Sweater Club - Five More Minutes
Release Date: August 8th, 2006
Record Label: Unsigned
It's believed to be common knowledge that specific attributes merit unrivalled acclaim, and despite any technicalities, I administer credit where credit is due. While truthfully few characteristics are sufficient enough to denote redemption, inferior odds accompany a cold shoulder from a necessitous audience. In the case of Corvallis, Oregon's self-proclaimed progressive rock, ska sextet, Sweater Club, a meager amount of investigation is required to detect that commendation is in order, and while only further analysis will determine it's longevity, the intervals at which it is bound to emerge are certainly diminutive. The group, who perform a solitary fusion of experimental rock bound with scattered drops of ska, jazz, and indie rock, unquestionably possess an authentic knack for distinct artistry, and while creativity may not solely secure a listener's satisfaction, it's indubitably a spot of comfort in a span of need.
With their second, independent offering, Five More Minutes, Sweater Club furthers their establishment in an overpopulated crowd. While in reality the album itself does little to capture a position of total liberty, and occasional blunders guarantee additional labor, no unfavourable statement, despite it's animosity, is sufficient enough to warrant the album's extinction. On the release's lead offering, aptly titled "Pt. 1," organic, imitative sound effects chaperone the group's audience into a primarily pastoral, progressive rock-oriented state, followed promptly by a savvy introduction from bassist Alec Kretchun. Further on, as the assemblies chief vocalist, Matt Jager, chimes in, overseers identify what is beyond question one of the act's capital qualities, and while the track's foundation leaves a expansion to be desired, considerable emancipation is only proper. On "Fallen Down," Sweater Club's secondary offering, the passel's horn ensemble, which consists of trumpeter Evan Churchill, trombonist Grant Thomas, and alto saxophonist David Stanley, assist a pleasant rhythm-driven, rock infrastructure fittingly, as Jager hurdles listeners face-first into a pre-eminent chorus faintly reminiscent of broadway theatrics. On "Hypocisty and Entropy," the album's third composition, Sweater Club's three, aforementioned brass experts utilize a dazzling, luminous horn arrangement, and while the aria itself is absorbing on first exposure, it is unhesitatingly evident that an abundance of the effort's polish can be credit to the group's three-piece facilitation team.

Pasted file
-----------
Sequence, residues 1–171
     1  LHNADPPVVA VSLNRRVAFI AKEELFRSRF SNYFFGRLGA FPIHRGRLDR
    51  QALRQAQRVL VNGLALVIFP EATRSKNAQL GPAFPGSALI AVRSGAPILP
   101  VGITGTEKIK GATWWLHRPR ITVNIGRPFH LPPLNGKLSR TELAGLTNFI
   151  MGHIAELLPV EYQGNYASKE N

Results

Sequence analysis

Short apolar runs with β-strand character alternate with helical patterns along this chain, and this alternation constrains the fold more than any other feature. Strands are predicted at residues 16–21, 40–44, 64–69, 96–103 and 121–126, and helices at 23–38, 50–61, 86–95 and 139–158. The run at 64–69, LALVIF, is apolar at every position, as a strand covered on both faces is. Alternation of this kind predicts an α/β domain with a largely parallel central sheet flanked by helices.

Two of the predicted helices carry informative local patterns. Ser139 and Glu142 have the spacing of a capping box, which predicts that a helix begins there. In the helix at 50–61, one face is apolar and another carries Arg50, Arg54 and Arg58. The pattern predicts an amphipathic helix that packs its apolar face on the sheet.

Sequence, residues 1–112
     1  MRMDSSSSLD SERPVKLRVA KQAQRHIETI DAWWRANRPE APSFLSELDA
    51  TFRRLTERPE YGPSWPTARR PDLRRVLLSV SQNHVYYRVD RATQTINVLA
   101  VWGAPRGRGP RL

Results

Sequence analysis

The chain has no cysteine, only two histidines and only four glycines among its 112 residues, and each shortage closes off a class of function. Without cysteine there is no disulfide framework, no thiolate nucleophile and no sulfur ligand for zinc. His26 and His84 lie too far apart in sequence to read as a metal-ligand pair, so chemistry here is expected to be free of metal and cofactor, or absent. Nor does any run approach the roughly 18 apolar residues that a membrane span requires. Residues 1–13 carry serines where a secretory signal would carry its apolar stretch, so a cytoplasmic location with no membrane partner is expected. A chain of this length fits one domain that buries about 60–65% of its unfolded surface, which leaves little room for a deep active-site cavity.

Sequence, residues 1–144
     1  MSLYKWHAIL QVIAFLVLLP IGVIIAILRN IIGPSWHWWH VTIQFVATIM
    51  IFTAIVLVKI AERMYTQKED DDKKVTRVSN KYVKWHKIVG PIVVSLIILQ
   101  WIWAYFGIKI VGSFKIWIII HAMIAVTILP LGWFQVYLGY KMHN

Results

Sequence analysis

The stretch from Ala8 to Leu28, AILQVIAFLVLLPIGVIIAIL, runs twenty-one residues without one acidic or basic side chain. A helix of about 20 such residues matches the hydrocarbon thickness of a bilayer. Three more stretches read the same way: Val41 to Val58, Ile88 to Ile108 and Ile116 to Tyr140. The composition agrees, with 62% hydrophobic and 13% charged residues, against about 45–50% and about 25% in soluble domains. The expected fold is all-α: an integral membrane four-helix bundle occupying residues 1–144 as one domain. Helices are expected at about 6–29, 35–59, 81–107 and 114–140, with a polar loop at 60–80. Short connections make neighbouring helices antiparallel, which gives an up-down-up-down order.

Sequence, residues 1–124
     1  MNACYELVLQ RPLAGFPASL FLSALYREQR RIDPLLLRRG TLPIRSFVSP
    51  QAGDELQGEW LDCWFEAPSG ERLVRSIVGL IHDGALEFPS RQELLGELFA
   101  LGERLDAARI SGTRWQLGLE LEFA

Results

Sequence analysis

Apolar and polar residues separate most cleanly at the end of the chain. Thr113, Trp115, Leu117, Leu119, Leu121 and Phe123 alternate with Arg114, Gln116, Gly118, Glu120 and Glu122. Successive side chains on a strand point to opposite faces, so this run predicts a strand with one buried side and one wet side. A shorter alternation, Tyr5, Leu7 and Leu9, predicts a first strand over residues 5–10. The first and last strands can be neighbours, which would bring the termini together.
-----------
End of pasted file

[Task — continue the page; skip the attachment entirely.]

As the record progresses, showgoers may encounter what is arguably the club's most compelling work to date, or otherwise enforce the notion that adequate compensation is grudgingly inexecutable. While these judgements are, of course, merely a matter of opinion, I urge you to delve deeper for both for your sake and mine. On "Walk Away," the album's fifth design, an intricate array of sweeping bass notation and precise guitar work greets onlookers, as Jager croons "for the masses must be soothed, so we create another fake solution to replace the meaning that we crave." Lyrically speaking, the record's middle-ground finds the Corvallis sextet at the top of their game, as Jager and backup vocalist Alec Kretchun, who is often eerily recollective of Adam Lohrbach, formerly of Home Grown, discharge one dramatic report after another. On "The Realization is Devastating," a ska-tinged, rock number, the group's brass precinct laces honourable groundwork, courtesy of drummer Guy Cappiccie and the aforementioned Kretchun, marvelously, as Jager jostles his vocal capacity to it's greatest limits. On "Gods Are Fragile Things," the album's eighth exertion, a ska-centered canticle suggestive of the earliest material from one of the act's consequential influences, the Rx Bandits. Finally, Five More Minutes discontinues itself with "Pt.2," a commoving, anthemic extension upon the album's lead offering.
Yet, even with alluring instrumentation, graceful musicianship, and hearty craftsmanship all weighing heavily in favour of the Oregon-based outfit, one can't help but emphasize the group's crystal-clear, cogent flaws. While in reality these minor blemishes will have little to no effect on an established, adapted devotee, they certainly sway the mind of a critic like myself with the task of evaluation resting before them. The album's production, as a whole, often falls a considerable amount below par, and while the sextet's orchestration is no less than visibly illustrious, key allotments are often indistinguishable amongst the muddled layers. Furthermore, in truth, for musicians who have branded themselves with adventurous tendencies, Five More Minutes exposes very little in terms of fluctuation, and while repetition certainly isn't a sin, surely you'll agree that it isn't a characteristic one would entitle as overly beneficial.
Still, with all minor bruises and disfigurements aside, to exclusively discredit Sweater Club would be immoral. While Five More Minutes does plainly emphasize the young musicians' capacity for evolvement, it's also primarily successful at accentuating the band's divine attributes, and with the necessary amount of time, practice, devotion, and patience put forth, I see no reason as to why Sweater Club can't become the next subject of adoration of the village braggart. Five More Minutes is an intriguing transfusion of thought-provoking lyrics, heavenly songwriting, and ornate artistry, and to be guileless, you'd be a fool to disregard it's flourished imagination.
Different, but I dunno if I'd listen to it more then tonight.
Perhaps it will grow on the both of us? We'll have to wait and see. I can certainly see the band's strong points, and the skill is present, but I'm not sure as to what my personal feelings are quite yet.